The two primary reasons the United States did not pursue reprocessing were:

• Concern over creation and separation of fissile materials (especially plutonium 239) that can fuel atomic weapons
• Cost

Congress adopted the policy of direct disposal for spent nuclear fuel after public opinion had turned against nuclear power following the accident at Three Mile Island, and the abandonment both of domestic reprocessing plants and a number of nuclear power reactor projects. The commercial reprocessing facility at West Valley, N.Y, had experienced an expensive failure. Developers abandoned two others, one in Morris, Ill., and the other in Aiken, S.C. Meanwhile, the media focused public attention on the environmental problems that resulted from reprocessing for defense purposes at Hanford, the Savannah River Site in South Carolina and the Idaho National Laboratory.

Fissile Materials
People committed to nuclear disarmament and who fear the spread of nuclear weapons among other nations and terrorist groups oppose reprocessing because it creates more plutonium 239 — the highly fissile isotope that fueled the Trinity test and the Nagasaki bomb.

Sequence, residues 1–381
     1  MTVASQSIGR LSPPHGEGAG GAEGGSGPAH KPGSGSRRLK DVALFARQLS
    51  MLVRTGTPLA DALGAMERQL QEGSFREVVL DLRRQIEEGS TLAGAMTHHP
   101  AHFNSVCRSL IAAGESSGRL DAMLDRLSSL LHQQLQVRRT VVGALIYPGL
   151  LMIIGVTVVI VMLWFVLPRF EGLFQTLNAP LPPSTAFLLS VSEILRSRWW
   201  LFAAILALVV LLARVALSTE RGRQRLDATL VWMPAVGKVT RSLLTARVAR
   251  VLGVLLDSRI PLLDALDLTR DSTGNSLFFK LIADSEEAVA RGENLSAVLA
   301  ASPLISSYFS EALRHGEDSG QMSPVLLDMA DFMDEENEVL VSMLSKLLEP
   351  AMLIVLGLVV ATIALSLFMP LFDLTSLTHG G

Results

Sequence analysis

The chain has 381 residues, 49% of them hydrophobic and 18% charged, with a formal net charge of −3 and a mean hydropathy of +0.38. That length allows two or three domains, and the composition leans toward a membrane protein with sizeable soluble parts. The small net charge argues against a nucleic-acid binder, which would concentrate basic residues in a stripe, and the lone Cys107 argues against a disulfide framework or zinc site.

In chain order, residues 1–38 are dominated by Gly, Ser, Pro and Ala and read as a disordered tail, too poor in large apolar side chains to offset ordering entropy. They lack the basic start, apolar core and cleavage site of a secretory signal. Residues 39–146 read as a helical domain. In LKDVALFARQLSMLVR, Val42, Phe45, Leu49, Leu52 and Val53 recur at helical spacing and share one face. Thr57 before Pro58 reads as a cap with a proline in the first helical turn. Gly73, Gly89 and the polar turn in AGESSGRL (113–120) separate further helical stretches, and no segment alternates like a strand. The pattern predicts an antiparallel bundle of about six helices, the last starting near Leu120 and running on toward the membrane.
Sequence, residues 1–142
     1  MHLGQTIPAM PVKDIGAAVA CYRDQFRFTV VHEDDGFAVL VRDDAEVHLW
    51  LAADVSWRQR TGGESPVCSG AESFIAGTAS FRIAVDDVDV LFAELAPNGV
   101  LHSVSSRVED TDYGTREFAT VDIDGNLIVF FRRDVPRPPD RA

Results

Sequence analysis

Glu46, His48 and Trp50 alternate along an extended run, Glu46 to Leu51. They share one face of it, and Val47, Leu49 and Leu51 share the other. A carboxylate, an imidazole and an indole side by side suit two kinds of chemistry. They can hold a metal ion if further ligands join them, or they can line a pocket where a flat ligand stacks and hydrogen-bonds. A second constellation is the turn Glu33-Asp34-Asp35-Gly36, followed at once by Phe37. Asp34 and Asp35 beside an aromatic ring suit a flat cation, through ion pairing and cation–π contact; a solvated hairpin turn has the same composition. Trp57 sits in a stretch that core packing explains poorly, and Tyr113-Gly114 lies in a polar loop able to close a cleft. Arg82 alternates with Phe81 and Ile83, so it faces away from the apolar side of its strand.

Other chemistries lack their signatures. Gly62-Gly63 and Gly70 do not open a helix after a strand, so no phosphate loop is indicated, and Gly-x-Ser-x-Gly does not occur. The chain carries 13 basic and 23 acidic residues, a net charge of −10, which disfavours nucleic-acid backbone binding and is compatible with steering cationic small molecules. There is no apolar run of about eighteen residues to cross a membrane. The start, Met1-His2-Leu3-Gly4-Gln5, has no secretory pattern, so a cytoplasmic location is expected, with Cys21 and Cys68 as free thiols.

Between 1944 and the end of the Cold War, the United States and the Soviet Union each created about 100 metric tons of the material. (Each metric ton contains enough plutonium 239 to create about 167 Trinity or Nagasaki nuclear explosions.)

The Nuclear Control Institute, a highly regarded nuclear nonproliferation group, asserts that commercial power reactors have already produced six times as much plutonium as weapons programs.

This plutonium could be extracted and available for weapons if commercial fuel were reprocessed. (Plutonium is created by a nuclear chain reaction in solid uranium fuel. When reprocessed, the fuel is dissolved chemically to separate out reusable uranium and plutonium.)

From the point of view of those concerned about nuclear weapons, plutonium locked up in spent fuel, whether recycled or newly created, is more acceptable than separated plutonium that could find its way into weapons. People are much less likely to steal or deal in highly radioactive solid spent fuel than in less directly harmful separated plutonium. The complexity and cost of the industrial facilities to reprocess and extract the plutonium are thought to be further deterrents to weapons proliferation. The United States and Russia have adopted a policy of taking surplus plutonium from weapons stockpiles to enrich fuel for commercial power reactors.

Cost